Heavenly computers

Computers assist astronomers in classifying galaxies

Published: Wednesday 31 May 1995

Computers can tell the differe ONE of the most specialised and tedious jobs of an astronomer is classifying galaxies after examining them through a telescope. Now, computers are going to help the scientists in this task, which is important because specifying the type of galaxy gives vital clues about its origin and evolution (Science, Vol 267, No 5199).

This is a new field for computer usage because it means employing them in what is a highly skilled job. This is because galaxy classification is to a large extent a subjective matter. What the classification scheme gives you is the correlation between certain morphological features (like the size of the central bulge, or how tightly the spiral arms wound around the core) and the type of galaxy. But to place any given image with certain characteristics into one or another type is still a matter of judgment. Fortunately though, unlike insects or plants, most of the galaxies are classified either as spiral, like our own Milky Way, or elliptical. However, within each classification, there are a few subclassifications.

Now, computer programmes called neural networks, which come closest to the human brain, are being employed in the time consuming and highly technical job of galaxy classification. Neural networks consist of interconnected processors where the processors and the connections roughly mimic the neurons and the synapses of human brain. The property that makes these models useful is that they can be made to learn from experience.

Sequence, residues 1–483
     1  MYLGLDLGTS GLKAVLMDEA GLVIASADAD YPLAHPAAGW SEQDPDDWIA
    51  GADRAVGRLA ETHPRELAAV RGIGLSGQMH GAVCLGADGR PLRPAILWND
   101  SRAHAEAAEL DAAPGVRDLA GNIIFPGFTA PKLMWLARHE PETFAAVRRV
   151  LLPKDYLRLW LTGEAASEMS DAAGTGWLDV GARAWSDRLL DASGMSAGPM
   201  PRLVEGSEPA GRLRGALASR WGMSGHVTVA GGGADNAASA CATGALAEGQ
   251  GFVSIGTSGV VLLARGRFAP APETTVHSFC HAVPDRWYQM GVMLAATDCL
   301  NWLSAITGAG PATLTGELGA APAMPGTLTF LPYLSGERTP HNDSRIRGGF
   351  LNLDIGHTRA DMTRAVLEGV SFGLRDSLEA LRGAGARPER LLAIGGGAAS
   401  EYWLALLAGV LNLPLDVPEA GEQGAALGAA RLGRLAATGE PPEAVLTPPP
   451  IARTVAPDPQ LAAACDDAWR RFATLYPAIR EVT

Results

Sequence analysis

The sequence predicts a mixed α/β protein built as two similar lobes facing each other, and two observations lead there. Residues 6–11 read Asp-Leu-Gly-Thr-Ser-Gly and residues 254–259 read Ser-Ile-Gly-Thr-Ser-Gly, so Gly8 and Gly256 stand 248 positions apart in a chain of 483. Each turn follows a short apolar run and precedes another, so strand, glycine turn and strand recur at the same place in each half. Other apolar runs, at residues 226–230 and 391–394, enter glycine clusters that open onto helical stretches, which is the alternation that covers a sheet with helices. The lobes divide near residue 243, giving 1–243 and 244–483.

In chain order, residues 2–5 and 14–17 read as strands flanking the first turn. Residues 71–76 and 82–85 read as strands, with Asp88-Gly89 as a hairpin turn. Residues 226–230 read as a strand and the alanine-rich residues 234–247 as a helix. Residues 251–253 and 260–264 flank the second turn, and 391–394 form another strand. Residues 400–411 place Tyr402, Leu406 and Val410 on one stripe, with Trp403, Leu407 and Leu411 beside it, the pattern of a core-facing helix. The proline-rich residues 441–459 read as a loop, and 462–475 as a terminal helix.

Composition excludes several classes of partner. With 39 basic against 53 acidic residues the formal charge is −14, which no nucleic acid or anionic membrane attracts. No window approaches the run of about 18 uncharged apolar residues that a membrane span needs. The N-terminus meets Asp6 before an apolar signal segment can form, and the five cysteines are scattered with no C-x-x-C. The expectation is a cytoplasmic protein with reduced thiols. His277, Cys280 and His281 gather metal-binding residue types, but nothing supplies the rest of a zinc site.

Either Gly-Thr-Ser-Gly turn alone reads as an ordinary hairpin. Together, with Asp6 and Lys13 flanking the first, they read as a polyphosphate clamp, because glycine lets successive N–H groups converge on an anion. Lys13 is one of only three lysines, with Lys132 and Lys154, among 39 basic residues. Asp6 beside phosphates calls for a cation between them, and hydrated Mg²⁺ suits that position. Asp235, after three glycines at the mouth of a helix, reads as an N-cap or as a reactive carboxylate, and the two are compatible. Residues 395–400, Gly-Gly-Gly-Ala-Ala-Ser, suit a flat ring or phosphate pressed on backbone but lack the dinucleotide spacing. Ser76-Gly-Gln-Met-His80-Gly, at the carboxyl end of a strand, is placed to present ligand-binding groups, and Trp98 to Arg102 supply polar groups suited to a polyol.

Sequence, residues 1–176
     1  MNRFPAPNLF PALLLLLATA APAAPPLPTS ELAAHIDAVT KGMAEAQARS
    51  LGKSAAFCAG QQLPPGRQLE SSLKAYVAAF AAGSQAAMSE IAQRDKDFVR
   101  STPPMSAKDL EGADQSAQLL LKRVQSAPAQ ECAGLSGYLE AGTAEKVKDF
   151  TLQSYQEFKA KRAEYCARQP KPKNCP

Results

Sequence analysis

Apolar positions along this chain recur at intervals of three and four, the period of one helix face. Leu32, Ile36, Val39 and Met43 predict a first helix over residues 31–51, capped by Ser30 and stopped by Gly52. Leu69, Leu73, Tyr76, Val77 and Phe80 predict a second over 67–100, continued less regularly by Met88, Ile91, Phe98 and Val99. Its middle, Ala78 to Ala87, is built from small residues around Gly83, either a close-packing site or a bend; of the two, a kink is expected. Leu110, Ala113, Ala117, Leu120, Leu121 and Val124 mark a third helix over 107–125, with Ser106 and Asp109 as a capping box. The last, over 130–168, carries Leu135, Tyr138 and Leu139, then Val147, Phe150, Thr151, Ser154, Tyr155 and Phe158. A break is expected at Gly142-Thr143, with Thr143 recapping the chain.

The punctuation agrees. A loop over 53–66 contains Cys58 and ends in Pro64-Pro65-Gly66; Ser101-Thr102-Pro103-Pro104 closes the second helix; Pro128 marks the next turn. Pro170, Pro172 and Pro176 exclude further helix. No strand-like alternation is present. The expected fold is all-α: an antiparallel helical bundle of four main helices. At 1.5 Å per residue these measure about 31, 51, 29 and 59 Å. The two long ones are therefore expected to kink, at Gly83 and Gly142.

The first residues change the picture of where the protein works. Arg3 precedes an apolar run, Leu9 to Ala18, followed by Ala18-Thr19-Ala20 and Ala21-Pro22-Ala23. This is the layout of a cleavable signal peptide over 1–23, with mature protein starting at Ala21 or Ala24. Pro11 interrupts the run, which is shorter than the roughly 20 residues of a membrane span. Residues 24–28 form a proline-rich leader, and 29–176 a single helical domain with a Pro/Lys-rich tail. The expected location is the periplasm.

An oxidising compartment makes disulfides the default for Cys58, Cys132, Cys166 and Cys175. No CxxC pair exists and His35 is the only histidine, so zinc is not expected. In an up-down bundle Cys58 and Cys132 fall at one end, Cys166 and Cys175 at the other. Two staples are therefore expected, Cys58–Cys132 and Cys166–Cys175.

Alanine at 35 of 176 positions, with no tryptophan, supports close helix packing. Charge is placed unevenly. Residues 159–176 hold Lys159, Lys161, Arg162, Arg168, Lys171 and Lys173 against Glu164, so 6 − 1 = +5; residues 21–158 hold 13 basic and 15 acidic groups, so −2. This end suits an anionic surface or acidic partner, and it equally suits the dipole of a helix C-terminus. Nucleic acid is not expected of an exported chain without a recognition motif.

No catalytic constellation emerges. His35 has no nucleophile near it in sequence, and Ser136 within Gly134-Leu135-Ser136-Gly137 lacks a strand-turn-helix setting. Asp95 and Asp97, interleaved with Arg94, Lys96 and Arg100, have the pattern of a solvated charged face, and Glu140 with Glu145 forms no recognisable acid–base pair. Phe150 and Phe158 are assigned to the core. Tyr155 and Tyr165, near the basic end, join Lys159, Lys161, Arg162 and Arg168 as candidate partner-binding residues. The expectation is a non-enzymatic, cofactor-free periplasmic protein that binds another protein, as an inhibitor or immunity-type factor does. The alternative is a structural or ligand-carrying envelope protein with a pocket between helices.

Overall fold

Before using the neural networks to classify galaxies, astronomers first train the networks with some 500 images of galaxies. The network classifies the image according to some features of the image and assigns different weights to these features. The network is then given the correct answer for each image and it changes the Assignment of weights so as to produce the answer closest to that given it by the trainer. The more positive reinforcement that a network gets, the better it is equipped to handle the next image.

A competition between the trained electronic apprentices and their astronomer trainers in classifying galaxies showed encouraging results, suggesting that the neural networks could soon become an indispensable tool in astronomy.

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